Nadia is my neighbor, and if you have kept up with our story here you know that Nadia was baptized last year. She is such a dear friend to me. We both share the same profession. She has volunteered with me in the library program at times, and I love having a Peruvian friend to talk to about cultural differences in the school system. Also, we started our friendship right at a time when I needed someone just like her. She came requesting English classes (I desperately needed those conversations in my native tongue). Our English class turned into a Bible study. Nadia was the first person with whom I shared the story of Jesus. I will never forget that. During furlough, I found a Willow Tree Angel holding a book. I bought it for Nadia and gave it to her for her birthday in November. I told her that she would always remember me when she saw that little figurine on her table. For my birthday, she gave me a little figurine that she bought in the market here. You can bet that wherever I am living in 50 years that little figurine will be in a place that I can see.
Sitting next to Nadia is Areli. What a beautiful personality that girl has! She is Etelvina's daughter. (Etelvina is a dear sister in the church who we absolutely love to pieces.) The thing I love about my relationship to Areli is that we are kindred spirits in laughter. If you know me, you know that I love to laugh. Sometimes, when crossing cultures, it is hard to feel like you understand jokes or are able to be funny around those from a culture different than yours. That is not the case with this amiga. I find such joy in hearing her laughter, and it is contagious. We don't need to sit together in a meeting where no noise is allowed. Ha! Areli and I have been studying the book of Mark together. She is such a good person, and she is earnestly seeking something deeper for her life. It is my prayer that she decides to follow Christ whole-heartedly in the near future. God has blessed me with a friend to laugh with, and I am so blessed by her friendship.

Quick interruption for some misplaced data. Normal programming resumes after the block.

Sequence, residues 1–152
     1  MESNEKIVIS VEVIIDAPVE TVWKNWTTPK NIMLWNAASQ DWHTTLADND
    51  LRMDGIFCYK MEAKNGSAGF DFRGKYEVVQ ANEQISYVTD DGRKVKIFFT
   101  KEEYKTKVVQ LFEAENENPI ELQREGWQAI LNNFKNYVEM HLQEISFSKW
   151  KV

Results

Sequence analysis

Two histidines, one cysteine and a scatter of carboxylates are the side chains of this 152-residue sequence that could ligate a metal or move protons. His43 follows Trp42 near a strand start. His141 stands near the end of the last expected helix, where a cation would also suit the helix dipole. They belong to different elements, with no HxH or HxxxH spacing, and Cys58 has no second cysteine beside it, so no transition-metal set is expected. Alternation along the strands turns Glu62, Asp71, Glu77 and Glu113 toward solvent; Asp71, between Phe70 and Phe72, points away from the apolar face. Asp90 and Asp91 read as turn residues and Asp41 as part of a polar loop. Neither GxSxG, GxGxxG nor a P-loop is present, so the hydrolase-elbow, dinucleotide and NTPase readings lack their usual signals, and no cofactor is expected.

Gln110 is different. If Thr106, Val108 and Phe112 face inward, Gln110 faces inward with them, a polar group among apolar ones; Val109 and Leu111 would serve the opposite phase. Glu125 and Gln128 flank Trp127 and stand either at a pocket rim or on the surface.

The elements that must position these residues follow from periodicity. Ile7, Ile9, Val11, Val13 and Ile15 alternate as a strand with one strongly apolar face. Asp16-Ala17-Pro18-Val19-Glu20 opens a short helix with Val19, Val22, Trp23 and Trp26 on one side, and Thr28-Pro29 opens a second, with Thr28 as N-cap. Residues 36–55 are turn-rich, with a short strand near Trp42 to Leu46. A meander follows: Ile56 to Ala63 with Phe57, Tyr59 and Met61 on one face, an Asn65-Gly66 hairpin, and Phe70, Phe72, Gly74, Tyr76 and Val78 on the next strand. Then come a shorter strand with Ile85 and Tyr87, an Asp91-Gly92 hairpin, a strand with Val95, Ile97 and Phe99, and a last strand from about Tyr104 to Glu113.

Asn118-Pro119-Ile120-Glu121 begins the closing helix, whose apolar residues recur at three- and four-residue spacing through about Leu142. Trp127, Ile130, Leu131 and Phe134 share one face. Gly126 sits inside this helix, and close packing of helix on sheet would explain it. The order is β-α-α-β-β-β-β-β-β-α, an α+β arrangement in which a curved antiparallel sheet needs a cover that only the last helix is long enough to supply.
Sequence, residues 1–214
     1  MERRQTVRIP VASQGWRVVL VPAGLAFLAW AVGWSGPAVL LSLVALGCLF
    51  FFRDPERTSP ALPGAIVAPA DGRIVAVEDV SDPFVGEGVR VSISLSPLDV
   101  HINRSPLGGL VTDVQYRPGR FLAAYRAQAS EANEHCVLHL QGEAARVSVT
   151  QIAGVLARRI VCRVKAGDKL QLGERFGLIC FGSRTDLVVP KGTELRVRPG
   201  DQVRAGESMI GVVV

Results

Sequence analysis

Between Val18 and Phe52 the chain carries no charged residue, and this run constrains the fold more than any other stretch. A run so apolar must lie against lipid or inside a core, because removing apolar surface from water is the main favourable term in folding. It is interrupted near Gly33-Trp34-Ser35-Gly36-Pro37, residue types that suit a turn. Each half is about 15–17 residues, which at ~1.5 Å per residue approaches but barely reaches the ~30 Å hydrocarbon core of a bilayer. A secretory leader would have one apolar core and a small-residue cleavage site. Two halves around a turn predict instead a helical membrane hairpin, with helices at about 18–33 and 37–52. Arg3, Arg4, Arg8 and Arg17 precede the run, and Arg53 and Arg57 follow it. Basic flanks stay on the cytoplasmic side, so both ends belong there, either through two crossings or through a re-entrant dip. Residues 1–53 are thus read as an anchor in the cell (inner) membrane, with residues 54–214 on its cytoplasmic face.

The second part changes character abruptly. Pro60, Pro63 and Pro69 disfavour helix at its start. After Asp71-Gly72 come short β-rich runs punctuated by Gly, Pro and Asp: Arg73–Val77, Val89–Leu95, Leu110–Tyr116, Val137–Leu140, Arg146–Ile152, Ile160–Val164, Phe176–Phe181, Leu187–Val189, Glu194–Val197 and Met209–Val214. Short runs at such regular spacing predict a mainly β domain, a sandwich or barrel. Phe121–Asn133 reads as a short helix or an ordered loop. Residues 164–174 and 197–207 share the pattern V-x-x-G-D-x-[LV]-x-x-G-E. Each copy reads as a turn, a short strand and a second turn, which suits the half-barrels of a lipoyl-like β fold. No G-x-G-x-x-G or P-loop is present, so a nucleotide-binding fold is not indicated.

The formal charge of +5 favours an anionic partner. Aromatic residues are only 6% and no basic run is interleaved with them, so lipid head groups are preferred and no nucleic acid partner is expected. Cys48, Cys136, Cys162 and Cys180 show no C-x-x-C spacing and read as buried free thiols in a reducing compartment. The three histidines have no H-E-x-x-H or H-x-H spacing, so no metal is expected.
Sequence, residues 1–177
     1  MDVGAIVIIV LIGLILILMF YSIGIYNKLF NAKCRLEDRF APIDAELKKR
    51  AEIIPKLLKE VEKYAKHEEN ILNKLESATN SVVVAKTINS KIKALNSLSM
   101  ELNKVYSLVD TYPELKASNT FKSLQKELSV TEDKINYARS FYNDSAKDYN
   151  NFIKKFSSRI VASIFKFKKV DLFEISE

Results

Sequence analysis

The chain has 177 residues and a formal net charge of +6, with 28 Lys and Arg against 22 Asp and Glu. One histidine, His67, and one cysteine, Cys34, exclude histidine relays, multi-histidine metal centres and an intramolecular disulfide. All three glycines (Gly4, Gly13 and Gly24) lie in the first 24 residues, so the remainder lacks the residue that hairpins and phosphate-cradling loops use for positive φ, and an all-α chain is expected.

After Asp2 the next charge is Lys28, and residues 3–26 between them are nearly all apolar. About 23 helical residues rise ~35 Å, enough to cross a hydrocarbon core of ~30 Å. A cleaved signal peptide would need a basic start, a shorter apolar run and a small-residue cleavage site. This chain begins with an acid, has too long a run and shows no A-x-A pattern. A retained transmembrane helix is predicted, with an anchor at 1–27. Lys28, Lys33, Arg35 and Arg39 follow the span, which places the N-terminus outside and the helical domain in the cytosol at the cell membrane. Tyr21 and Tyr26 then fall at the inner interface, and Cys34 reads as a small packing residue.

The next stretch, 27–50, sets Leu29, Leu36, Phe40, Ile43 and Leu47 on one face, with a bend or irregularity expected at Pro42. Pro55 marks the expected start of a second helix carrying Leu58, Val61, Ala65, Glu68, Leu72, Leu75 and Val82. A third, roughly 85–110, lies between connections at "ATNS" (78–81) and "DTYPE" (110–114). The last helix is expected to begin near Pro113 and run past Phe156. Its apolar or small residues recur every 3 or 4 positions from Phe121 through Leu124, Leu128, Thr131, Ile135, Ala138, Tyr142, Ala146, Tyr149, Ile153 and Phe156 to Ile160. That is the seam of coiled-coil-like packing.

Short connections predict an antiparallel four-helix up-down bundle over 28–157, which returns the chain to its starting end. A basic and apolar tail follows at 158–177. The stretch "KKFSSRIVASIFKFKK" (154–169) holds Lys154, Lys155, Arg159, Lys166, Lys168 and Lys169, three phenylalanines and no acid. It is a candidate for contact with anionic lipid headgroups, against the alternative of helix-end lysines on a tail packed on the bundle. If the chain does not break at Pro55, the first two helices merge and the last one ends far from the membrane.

That gringa you might not recognize is named Katie Daggett. Katie and her husband, Jeremy, are part of the team moving to Arequipa in 2014. They decided to come to Arequipa and take 2 months of language classes to better prepare themselves for the field. What is really special about the two of them is that they are where Greg and I were 7 years ago. Jeremy is studying at Harding School of Theology in Memphis, and the two of them are about to work with the same Hispanic church where Greg and I worked during our time in Memphis. It has been such a blessing to get to know them better, to share dreams about the future work here in Arequipa, and to answer the many questions they have about moving here. For me, Katie symbolizes the things to come in Arequipa. I am excited that my family's remaining time will overlap some with her family, but I am even more excited to see what God will do through them and the rest of their team in the years to come. Pray for Team Arequipa 2.0. We are so excited about them joining the work here.